3 min

The Faitheist: Chris Stedman’s complicated secularism

'I would rather respond to hate with love'

Chris Stedman, author of Faitheist, is not your average gay, atheist 20-something. Credit: Alex Dakoulas
What do you think of when you hear the description “gay, atheist 20-something”? Images of a future seminary student talking intently with Christian street preachers outside the neighbourhood gay bar probably aren’t the first that come to mind.
But Chris Stedman is not your average gay, atheist 20-something. The author of Faitheist has already earned two university degrees, created the popular blog NonProphet Status, and become assistant humanist chaplain at Harvard — all before most of his peers have finished filling out their job applications at The Keg.
In other words, Stedman is the kind of high-profile, pro-religion atheist who has a couple stories up his sleeve. So people started asking him when he was going to write a book. “I said, ‘Oh, you know, if I do it, it’ll be in five or 10 years.’” But a friend wasn’t buying the time line. He told Stedman to just start writing and see what happened. “And before I knew it, I had a lot of the book done.”
Faitheist is partly a call for interfaith cooperation. But it’s also, for the most part, a memoir.
Stedman starts with his nonreligious childhood. After becoming a closeted evangelical Christian, he is nearly driven to suicide by his own homophobic thoughts. His mother finds a gay-positive pastor, however, who helps bring him from the brink of his own self-hatred. Stedman starts doing queer activism in the church before eventually becoming an atheist. The atheist community he finds, however, is hardly the space of tolerance and pluralism he was yearning for.
Today, Stedman travels widely for speaking engagements about secular social-justice activism and religious diversity. “Often I’ll also lead a workshop . . . and the first thing I’ll do is I’ll ask the people in the room to share what words, ideas, phrases, images come to mind when they hear the word ‘atheist.’”
“Mean-spirited,” “arrogant,” “anti-religious”: the words that usually get thrown back to him don’t bode well for secularism’s reputation. Stedman credits part of the anti-atheist sentiment to messages from the media, including vocal atheist bloggers and pundits. But perhaps more importantly, he points to “negative interpersonal experiences with atheists.”
“One way to combat a lot of these negative ideas out there,” he says, “is in interfaith contexts.” 
Stedman’s not naive. His family was asked to find a new church when he was a kid because of his activism. He’s been attacked in a Chicago train station while sitting with a friend waiting for the next ride home. But he holds on to an unflinching — even religious — faith in the possibility that people can change.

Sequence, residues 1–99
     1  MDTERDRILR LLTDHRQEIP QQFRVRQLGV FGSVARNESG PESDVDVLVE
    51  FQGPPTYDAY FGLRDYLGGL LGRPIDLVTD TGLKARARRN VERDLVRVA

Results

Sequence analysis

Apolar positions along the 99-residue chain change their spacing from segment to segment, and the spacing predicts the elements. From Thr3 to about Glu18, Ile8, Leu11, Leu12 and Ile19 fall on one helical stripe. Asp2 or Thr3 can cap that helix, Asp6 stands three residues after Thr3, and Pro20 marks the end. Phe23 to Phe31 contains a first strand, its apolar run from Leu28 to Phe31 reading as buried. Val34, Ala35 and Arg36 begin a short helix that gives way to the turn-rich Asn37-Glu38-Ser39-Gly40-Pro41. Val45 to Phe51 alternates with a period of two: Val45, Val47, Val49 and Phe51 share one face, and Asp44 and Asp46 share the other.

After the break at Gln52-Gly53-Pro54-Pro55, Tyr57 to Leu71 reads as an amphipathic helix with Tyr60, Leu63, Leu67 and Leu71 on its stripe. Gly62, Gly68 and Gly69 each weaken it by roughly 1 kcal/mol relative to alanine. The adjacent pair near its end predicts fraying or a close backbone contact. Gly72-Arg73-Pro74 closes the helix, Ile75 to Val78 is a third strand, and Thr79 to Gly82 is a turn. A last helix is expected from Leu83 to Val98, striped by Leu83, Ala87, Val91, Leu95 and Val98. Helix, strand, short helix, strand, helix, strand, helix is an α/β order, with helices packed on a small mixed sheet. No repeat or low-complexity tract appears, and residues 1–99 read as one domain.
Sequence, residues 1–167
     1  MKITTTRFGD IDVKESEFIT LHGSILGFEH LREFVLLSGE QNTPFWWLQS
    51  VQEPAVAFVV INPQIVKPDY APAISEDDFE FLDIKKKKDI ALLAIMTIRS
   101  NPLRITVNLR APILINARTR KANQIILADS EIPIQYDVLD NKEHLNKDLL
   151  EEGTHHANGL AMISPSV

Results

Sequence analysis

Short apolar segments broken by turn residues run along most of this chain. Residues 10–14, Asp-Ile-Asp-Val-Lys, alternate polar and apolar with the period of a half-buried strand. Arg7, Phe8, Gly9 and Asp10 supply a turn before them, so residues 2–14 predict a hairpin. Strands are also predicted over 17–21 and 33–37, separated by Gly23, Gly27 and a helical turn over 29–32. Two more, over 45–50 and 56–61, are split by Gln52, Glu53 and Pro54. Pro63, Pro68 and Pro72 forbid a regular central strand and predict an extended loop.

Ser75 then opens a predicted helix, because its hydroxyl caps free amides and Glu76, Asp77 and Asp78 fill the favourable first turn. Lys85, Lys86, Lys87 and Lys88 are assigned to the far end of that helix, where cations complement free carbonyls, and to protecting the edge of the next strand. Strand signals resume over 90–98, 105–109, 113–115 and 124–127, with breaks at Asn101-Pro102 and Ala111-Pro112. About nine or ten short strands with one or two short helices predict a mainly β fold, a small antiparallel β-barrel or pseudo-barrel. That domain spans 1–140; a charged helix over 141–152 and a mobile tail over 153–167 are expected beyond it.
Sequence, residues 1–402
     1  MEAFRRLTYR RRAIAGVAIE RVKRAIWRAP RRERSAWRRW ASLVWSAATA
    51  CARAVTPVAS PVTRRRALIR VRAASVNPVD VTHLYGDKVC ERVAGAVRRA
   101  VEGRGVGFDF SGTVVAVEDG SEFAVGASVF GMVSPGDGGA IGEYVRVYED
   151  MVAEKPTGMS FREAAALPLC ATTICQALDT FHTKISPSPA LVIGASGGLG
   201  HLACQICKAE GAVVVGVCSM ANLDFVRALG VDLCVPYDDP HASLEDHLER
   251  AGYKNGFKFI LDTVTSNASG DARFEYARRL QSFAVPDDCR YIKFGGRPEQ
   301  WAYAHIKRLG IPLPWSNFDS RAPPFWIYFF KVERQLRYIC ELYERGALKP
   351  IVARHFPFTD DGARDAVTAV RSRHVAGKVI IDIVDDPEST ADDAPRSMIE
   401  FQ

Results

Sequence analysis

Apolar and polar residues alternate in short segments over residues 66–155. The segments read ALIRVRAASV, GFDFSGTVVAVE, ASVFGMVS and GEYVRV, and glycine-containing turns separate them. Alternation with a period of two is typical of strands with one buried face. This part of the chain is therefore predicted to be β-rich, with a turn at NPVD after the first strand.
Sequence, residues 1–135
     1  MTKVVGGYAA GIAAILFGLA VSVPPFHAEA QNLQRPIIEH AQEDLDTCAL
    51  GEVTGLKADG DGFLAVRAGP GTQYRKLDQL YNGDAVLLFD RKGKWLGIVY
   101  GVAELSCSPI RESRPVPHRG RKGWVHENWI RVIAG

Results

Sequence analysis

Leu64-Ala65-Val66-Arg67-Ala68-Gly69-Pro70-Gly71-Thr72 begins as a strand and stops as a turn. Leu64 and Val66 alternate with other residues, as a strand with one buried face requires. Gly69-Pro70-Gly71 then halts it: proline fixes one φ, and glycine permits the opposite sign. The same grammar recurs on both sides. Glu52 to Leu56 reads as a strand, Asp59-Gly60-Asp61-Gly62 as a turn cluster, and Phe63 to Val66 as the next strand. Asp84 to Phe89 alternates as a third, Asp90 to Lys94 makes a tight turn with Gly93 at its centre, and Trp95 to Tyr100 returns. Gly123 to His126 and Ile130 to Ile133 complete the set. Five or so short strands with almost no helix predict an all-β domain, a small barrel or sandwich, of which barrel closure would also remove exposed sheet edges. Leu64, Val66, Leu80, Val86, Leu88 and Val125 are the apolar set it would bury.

We’re about to wrap up our interview and Stedman stops. He wants to tell me a story that’s not in his book. “It was on Valentine’s Day,” he remembers: Feb 14, 2011.
He was speaking at the University of Illinois about inter-religious cooperation. At the end of his presentation, a woman walked up to him. She stood in front of him, shaking, “and told me that I had a demon inside of me that was making me gay.”
The words were a trigger. He remembered the junior-high lunch hours he spent fasting in repentance of his character. He remembered the afternoons after school, when he went home to be alone, writing in his journal and marking his Bible obsessively with highlighters. He remembered being 13 years old, holding himself back in the shower from taking his own life.
Stedman had no idea how he was going to react. Looking back, he says, he would have been well within his rights to ignore her or even break down and cry. He might have mocked her or dismissed her entirely, he says: “Interfaith dialogue is contingent on a two-way street. There has to be a mutual respect there . . . and she clearly wasn’t showing me that.”
But instead, he paused and spoke back softly.
“Thank you for being honest with me,” he said to her. “I know it can be really hard to tell someone something that they really need to hear but maybe they don’t want to, and that’s brave of you to do.”
Originally expecting a confrontation, the woman was taken aback, Stedman remembers. Instead, the pair began to talk about their beliefs and their values. He walked her through what it felt like to be a young kid who believed that he did have that demon inside of him. He told her about how he accepted himself for the person he is.
As a storyteller, Stedman says, he’d love to be able to tell me that she walked away changed. “I can’t say that.”
“But I can say that because she had the opportunity to hear me out and get to know me a little bit, now she has another point of reference,” he tells me. “When she hears a minister preaching about it, when she sees the news and there’s a ballot initiative up for a vote — now, when she hears the word ‘gay’ or ‘LGBT’ or what have you, she has to connect it with a person.”
Is he hopeful about her, I ask? “I am. I am, yeah. And I would rather try to respond to acts of hate or ignorance with love . . . and inject some humanity into that moment.”